The future looks bright for wines with a lower alcohol content in the UK, if only someone could decide on what to call them.

Representatives of the UK's top supermarkets, including Tesco, Sainsbury's and Morrisons, were yesterday unanimous in their view that consumers are seeking out wines with a lower alcohol content.

Considering that supermarkets account for easily more than three quarters of wines sold in the UK off-trade, these peoples' views matter.

Judging by the packed conference hall at yesterday's Wine & Spirit Trade Association conference on lower alcohol wine, it would seem that interest is also picking up in the trade. Managing directors of some of the country's largest wine merchants jostled for seats with Masters of Wine.

On paper, wines with a lower abv tick all the boxes. They offer consumers greater and extended choice, while also dove-tailing with Government efforts to reduce the country's thirst for alcohol units.

Several barriers remain, however, and high on the list is how lower alcohol wines should be positioned and marketed. Currently, no one can decide and, considering the calibre of yesterday's meeting, there were precious few suggestions.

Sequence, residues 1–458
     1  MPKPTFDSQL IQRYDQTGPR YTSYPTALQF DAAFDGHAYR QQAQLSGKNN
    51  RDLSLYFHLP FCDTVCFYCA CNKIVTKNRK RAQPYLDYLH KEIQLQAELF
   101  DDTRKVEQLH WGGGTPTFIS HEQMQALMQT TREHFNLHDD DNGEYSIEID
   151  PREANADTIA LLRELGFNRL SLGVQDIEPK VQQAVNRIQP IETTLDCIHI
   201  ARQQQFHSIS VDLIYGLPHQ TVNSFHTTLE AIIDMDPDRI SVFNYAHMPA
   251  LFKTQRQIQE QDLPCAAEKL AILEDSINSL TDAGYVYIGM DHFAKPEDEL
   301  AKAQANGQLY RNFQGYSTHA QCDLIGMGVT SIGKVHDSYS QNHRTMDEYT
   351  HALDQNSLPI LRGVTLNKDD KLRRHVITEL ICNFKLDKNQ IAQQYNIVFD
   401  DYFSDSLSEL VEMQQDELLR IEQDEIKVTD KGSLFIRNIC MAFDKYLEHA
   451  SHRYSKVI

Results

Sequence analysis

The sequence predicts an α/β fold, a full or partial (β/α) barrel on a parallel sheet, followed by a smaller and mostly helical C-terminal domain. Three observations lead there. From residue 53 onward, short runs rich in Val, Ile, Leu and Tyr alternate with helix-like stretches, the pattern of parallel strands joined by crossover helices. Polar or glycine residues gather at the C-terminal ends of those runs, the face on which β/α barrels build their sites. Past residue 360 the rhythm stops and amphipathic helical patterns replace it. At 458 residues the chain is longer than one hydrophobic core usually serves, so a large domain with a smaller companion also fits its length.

To make the issue more complicated, lower alcohol wines can be split up into wines that naturally have a lower abv and those that have had their abv reduced by new technologies.

There needs to be an industry-wide strategy on the labelling of these "new generation" wines if they are to fly.

A lot of work also needs to be done with regulatory authorities, not only on labelling rules, but also on the regulatory restrictions at EU level on using technology to reduce alcohol in wine.

Aside from this, the high cost of equipment to reduce abv and the issue of quality, which remains, are other deterrents.

But, where there is a will, there is a way - and if the trade takes notice of its own consumer research, there is certainly a demand. 

Ideas on a postcard -